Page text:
Windows 10 Mobile is just Windows 10 with some UI changes. With the latest Insider preview release, Microsoft is enabling something we knew was possible and coming eventually: Ethernet support. With this ability users can plug in an Ethernet adapter to either the Continuum Display Dock or even directly into the phone itself using a USB Type-C adapter.

I decided to give it a try and here are our results!

What works?

Microsoft noted that build 14322 brings some support for Ethernet adapters on Windows 10 Mobile with more support on the way. Luckily, I already have two USB Type-C Ethernet adapters on hand to try out and so far I am two for two as both worked without any hitches. I didn't even see the alleged 'warning' that will be removed in the next flight.

Here are the two adapters I used for this test:

See on Amazon - Aerb USB 3.1 Type C to Gigabit Ethernet LAN Network Adapter See on Amazon - Anker USB-C to 3-Port USB 3.0 Hub with Ethernet Adapter

Certainly the Anker one is more expensive (nearly twice as much) but you are getting three USB 3.0 ports, which also all work when plugged into a Lumia 950 or Lumia 950 XL giving you a lot of options. The Anker one is also aluminum, and they are a company that makes reliable products.

The Aerb is not only cheaper but smaller too making it more ideal for travel or throwing it in your pocket.

Personally, I'm looking to get this new Anker device, which is basically Continuum in your pocket. It has two USB 3.0 ports, one HDMI, and it has a spare USB Type-C port for charging. [Edit: Whoops! This Anker has no Ethernet, but I suppose you could plug a USB Ethernet adapter into one of the ports!]

See at Amazon - Anker Premium USB-C Hub with HDMI and Power Delivery

How fast?

I connected both adapters directly to my Verizon FiOS router, and my download rate should be 100 Mbps.

For the test, I turned Wi-Fi and Cellular Data off in the Action Center to make sure that the Lumia 950 XL was not using either. Later, I even put the phone into Airplane mode (Ethernet still works in this setting too).

Microsoft noted in the release notes for build 14322 that there is no visual indicator yet for Ethernet connections, which will make this process simpler in later versions of the OS.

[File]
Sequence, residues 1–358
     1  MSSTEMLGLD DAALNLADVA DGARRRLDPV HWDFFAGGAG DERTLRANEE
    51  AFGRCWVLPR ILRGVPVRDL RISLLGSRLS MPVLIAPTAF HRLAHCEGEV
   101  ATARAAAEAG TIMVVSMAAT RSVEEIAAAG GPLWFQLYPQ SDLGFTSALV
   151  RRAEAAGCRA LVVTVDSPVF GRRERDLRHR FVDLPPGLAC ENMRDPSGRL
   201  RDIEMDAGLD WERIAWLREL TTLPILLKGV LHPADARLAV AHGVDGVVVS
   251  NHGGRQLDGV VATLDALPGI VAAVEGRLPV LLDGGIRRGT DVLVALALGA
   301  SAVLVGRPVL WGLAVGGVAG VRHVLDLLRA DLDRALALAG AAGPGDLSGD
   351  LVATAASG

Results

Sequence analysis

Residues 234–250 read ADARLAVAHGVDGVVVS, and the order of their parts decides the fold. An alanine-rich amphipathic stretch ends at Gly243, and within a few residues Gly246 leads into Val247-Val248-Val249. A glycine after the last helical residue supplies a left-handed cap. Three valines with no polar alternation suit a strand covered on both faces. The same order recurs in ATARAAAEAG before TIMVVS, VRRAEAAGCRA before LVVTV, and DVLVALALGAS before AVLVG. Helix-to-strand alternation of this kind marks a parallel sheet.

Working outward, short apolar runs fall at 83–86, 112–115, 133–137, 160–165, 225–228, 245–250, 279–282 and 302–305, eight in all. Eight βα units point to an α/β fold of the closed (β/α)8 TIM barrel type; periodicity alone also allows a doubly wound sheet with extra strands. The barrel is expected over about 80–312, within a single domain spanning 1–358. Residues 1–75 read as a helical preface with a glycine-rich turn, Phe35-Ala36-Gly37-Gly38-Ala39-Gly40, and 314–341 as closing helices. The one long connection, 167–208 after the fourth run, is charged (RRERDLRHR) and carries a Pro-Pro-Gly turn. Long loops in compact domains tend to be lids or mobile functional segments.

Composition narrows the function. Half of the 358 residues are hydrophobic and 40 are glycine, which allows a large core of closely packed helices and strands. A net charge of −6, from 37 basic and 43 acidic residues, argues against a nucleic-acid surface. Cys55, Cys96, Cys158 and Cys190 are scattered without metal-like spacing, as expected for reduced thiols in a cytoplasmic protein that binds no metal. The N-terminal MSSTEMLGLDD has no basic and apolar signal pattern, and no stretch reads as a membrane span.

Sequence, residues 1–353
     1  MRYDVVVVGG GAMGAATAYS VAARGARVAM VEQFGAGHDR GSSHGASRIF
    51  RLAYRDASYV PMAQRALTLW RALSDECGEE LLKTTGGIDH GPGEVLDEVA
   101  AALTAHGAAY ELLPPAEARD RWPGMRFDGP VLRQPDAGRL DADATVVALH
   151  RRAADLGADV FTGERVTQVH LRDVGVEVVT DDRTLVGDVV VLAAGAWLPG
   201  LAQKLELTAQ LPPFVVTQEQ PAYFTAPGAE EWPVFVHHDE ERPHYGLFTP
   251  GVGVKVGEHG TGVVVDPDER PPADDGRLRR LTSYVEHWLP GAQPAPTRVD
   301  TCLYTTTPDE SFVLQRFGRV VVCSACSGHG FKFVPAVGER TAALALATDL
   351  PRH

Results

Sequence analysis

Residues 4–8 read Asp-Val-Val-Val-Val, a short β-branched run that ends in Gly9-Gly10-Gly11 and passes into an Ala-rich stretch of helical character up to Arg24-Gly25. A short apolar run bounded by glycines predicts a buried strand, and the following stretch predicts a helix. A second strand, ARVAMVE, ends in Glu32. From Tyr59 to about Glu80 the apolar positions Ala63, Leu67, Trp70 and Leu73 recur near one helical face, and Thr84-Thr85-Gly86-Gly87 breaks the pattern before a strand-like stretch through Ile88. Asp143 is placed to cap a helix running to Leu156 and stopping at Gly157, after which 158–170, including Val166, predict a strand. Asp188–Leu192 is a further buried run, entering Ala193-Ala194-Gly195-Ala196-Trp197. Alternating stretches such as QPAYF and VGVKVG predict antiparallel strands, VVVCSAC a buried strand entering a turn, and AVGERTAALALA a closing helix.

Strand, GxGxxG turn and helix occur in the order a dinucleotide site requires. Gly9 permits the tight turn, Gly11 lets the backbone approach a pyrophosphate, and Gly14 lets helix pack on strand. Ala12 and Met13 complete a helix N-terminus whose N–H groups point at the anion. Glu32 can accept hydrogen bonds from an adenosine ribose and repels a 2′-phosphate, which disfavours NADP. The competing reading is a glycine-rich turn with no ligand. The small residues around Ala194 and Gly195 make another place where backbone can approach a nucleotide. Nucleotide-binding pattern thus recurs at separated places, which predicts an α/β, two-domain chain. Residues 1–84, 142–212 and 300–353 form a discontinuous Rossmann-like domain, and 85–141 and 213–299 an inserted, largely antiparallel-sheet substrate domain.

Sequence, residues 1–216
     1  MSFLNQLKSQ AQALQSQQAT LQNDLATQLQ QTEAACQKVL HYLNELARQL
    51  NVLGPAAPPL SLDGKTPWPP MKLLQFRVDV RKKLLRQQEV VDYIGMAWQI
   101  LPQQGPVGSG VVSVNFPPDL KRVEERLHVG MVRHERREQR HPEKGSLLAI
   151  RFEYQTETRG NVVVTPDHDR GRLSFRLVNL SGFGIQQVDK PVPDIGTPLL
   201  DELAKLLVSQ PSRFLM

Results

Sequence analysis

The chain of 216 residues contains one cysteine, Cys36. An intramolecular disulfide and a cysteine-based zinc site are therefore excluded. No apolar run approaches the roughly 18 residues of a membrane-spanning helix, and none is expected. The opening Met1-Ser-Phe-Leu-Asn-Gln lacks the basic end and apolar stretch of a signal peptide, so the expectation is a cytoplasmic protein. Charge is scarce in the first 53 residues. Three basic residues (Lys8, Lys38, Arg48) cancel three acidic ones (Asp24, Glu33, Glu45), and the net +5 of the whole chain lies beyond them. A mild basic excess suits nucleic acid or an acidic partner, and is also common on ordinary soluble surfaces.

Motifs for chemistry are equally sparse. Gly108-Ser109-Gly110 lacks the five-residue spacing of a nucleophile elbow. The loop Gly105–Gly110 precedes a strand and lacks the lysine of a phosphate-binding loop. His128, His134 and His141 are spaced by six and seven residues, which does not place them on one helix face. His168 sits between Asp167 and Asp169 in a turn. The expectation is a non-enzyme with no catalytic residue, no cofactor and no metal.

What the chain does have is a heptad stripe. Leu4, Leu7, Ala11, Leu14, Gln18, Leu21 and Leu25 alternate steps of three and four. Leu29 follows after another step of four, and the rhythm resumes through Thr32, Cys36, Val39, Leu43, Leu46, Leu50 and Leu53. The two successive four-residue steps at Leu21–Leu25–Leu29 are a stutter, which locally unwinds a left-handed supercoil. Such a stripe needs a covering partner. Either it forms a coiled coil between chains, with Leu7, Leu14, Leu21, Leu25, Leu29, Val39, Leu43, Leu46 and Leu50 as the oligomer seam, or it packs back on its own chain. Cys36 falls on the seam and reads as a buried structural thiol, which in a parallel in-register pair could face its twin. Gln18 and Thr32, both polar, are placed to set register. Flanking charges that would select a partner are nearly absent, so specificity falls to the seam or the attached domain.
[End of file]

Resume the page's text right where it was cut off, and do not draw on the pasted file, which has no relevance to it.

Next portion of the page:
All three results (two shown above) had the phone downloading at around 90 Mbps (98-95 Mbps) using the Microsoft Network Speed Test application from the Windows Store. Uploads were at around 60 Mbps.

Using the same setup on a quad-core Intel Core i7 PC netted similar results with downloads nearing closer to 100 Mbps.

For a real world example, I used Hulu to watch a video. There was no lag between starting the video nor randomly jumping around the video stream, which never even hesitated to buffer. In a blind test, you would think the video was playing locally instead of streaming.


The ability to directly connect Ethernet to a Windows Phone is a small milestone in the merging of desktop and mobile functionality for 2016 and beyond. As more phones begin to support Continuum being able to get high-speed internet directly to the phone setup will be crucial for the paradigm to be taken seriously.

The forthcoming HP Elite x3 will be one of the first devices to really leverage this Ethernet ability as their Desk Dock has an Ethernet port built right into it.

There is no doubt that those in enterprise will be able to take advantage of this feature and even for consumers it offers a nifty way to do very large downloads. Case in point, doing OS updates to Windows 10 Mobile could go much quicker when connected to Ethernet as well as restoring from a backup, reinstalling apps, mass download of a music collection, and more.

What would you do with Ethernet on your phone? Let us know in comments!

More info on USB Type-C, OTG and more!